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Progressive Insurance pulls ads from Laura Ingraham Show




Progressive Insurance, a major publicly traded company, has decided to remove advertisements from Laura Ingraham's radio program, Breitbart News confirms. In addition to the news of the decision to run the ads, Progressive has defined, at least in part by an ad agency, at least in part, what should be the reason for keeping Progressive ads away from a particular program: "Controversial Programming." Progressive declined to further define what it means by "controversial programming."

A Progressive Insurance advertising and placement company has informed radio affiliates on Friday morning to stop advertising on or nearby Ingramam's programming

"NO PROGRESSIVE SPOTS IN OR RELATED TO CONTROVERSIONAL PROGRAMMING, ESPECIALLY PROGRAMMING LAURA INGRAHAM IN THE WEEK OF 4/2, "Ad Large Media wrote on behalf of Progressive to radio affiliates nationwide on Friday morning in an e-mail that was later received by Breitbart News.

Progressive approaching other companies that are at least temporarily boycotting Ingrahams shows is a significant development opportunity. Perhaps more importantly, Progressive has at least begun to define through ad placement companies, Ad Large Media, what makes a company withdraw from a program in this new age of social war.

What happened especially? With Laura Ingraham, she made comments to Parkland student David Hogg this week, sparking a left campaign against her advertisers. As a result, some advertisers pulled ads from their show. Then she apologized to Hogg, Hogg did not accept her apology, and the attacks on her advertisers continued.

This is the last in a long line of similar corporate war attacks from left against conservative media. Sean Hannity, also a nationally syndicated radio host and Fox News presenter, has been exposed to similar attacks over the years. Radio presenter Rush Limbaugh as well as Breitbart News and other right-wing media houses.

The term "controversial programming" has no clear definition; A Progressive spokesman refused to define it when Breitbart News asked on Friday.

"No matter which side of the aisle you face, bullying for a high school student is inappropriate, and we're pulling our ads for the time being, Progressive spokesman Brian Grace said in an email to Breitbart News Twitter account, not on their Fox news program.

Grace responded to a press request Breitbart sent to Ad Large Media via the ad-large media mailed to radio stations on behalf of Progressive Term "controversial programming" and informs them of the decision to pull the ads for now.

Grace, on behalf of Progressive, also refused to define what the company means by "next to" when ordering through the advertising agency Radio Affiliates, non-progressive ads "in or next to operate" what it considers "controversial programming" ̵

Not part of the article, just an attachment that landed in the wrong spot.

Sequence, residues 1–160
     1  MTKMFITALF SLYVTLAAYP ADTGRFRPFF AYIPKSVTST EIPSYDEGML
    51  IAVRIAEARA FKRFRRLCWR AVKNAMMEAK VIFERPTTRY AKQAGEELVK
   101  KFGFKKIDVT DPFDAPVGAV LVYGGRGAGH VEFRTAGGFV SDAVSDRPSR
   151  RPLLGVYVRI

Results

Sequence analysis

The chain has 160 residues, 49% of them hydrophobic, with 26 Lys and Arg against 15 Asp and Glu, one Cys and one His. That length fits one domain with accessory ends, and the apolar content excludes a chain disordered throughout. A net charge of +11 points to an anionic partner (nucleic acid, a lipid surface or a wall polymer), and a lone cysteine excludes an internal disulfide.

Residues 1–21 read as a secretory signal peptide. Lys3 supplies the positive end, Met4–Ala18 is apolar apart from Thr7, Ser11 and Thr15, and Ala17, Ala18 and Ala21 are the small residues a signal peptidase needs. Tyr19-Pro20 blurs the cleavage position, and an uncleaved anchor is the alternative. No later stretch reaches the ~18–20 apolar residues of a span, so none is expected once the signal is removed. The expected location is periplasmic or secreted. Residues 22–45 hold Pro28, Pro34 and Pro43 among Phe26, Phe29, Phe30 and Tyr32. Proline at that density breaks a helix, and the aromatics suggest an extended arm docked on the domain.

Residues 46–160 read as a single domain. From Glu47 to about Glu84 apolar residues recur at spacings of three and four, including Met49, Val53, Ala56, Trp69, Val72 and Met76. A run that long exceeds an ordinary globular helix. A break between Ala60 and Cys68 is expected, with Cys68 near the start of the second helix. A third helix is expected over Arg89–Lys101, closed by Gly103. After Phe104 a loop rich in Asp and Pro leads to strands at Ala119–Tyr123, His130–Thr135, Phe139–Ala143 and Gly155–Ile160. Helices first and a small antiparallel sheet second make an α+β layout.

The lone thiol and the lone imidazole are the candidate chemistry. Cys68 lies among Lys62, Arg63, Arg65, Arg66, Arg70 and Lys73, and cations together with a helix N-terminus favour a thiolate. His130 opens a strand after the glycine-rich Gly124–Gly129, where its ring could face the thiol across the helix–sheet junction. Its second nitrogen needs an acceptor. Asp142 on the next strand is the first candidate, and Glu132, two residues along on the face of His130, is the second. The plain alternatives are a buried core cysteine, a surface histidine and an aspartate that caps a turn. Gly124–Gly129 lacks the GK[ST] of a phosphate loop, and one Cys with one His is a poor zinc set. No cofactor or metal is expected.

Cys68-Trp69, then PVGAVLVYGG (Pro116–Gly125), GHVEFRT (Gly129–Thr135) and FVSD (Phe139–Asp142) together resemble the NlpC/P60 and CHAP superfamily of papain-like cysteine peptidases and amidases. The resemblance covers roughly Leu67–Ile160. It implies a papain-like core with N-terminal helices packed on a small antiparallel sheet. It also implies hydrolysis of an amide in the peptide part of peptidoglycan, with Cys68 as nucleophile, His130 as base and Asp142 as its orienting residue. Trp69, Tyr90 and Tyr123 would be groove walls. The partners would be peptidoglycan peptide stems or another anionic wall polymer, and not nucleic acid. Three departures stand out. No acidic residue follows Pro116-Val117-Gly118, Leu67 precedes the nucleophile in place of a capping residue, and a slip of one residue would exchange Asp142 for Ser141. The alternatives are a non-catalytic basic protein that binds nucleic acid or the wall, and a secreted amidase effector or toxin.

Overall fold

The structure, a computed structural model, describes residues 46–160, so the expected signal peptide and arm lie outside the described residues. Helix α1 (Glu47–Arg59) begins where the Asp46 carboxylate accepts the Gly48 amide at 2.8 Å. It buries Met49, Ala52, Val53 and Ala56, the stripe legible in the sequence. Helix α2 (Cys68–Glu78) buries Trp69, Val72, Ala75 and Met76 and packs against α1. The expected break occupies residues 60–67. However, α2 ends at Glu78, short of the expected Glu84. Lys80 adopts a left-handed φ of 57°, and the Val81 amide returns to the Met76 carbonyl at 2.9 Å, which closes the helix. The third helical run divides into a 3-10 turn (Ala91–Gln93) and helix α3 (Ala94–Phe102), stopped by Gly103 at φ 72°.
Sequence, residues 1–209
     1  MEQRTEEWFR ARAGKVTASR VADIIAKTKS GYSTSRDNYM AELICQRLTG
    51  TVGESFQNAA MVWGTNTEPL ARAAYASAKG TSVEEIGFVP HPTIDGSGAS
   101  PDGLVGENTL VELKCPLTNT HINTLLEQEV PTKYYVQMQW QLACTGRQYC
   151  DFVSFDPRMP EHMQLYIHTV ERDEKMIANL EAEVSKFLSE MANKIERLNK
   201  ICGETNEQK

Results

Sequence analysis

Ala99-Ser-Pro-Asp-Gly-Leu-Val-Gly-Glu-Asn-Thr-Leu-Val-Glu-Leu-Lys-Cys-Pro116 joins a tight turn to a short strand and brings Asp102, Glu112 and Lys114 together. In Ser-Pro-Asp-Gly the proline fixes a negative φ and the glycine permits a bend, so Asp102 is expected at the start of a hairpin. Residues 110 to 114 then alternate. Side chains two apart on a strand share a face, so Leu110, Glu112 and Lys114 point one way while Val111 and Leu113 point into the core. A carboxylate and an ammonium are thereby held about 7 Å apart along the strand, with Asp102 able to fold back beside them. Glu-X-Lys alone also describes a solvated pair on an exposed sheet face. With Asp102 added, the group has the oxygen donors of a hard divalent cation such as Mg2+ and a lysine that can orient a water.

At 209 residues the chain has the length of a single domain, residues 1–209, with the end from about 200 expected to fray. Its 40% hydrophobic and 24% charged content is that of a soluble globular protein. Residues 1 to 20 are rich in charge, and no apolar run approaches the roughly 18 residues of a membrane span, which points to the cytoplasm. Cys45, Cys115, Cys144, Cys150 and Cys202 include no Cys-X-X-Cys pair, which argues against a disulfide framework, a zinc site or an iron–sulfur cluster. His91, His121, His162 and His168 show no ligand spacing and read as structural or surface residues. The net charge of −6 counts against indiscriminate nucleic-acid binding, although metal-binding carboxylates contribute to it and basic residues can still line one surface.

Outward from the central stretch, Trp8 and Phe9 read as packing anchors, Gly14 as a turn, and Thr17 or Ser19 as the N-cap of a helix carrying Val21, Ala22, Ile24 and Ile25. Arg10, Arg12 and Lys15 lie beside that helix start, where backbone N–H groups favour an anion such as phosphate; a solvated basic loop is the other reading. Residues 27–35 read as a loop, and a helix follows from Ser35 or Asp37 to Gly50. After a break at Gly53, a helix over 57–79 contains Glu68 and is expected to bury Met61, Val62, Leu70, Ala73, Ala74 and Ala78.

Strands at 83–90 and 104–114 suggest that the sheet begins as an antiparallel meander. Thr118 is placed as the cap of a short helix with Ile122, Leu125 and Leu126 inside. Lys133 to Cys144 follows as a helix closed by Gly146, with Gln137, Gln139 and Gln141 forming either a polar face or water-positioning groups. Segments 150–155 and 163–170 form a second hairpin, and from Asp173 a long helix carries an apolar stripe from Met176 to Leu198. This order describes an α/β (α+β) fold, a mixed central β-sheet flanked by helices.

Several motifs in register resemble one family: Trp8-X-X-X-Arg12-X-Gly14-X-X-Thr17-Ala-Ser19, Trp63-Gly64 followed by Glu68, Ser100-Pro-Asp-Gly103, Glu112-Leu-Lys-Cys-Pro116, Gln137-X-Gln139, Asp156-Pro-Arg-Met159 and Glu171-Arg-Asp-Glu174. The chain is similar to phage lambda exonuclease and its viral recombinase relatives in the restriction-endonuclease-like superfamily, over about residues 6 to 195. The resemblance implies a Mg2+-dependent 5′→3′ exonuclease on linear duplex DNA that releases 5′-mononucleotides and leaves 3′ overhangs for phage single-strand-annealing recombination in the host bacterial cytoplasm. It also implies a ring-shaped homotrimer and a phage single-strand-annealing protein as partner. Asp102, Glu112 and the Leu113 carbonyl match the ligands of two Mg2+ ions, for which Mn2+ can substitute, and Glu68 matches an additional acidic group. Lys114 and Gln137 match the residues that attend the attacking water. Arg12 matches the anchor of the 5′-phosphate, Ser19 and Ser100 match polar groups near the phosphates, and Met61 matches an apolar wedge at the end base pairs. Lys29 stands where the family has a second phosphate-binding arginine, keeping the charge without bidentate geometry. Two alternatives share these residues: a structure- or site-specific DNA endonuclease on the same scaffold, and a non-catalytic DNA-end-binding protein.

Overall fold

1; a term that the listed insurance society will not define it further.

Grace did not answer when Breitbart asked News who made this decision specifically on behalf of the company – whether it was a board decision or which executives, including CEO Tricia Griffith, were involved. Grace also did not answer whether Progressive details the decision and process for shareholders at the next annual general meeting and refuses to answer as to whether the company will be transparent to shareholders about any communication that employees of a company have with someone outside the company The company has a decision in the run-up to the Progressives politically charged move.

The full list of questions Breitbart addressed to Progressive is:

1) What is the definition that Progressive uses for controversial programming? Is it just Laura Ingraham? ? Is it something else? Please specify this term exactly.

2) If Progressive says not to show "in or next to" ads, what does "next to" mean? Other programs in the same network? Programs connected in any way with Ingraham? Can you specify what you mean?

3) What caused this decision to cut Progressive Ads for these programs? Has anyone from Progressive been in contact with people outside the company on this matter? If so, who and what did they say?

4) Who made this decision specifically for Progressive? Was it a decision of the CEO? A decision of the board? Any other kind of decision? Will Progressive provide shareholders with a breakdown of the decision-making process, including who was involved, what role these people played, and why they made their decisions?

This is an evolving story.


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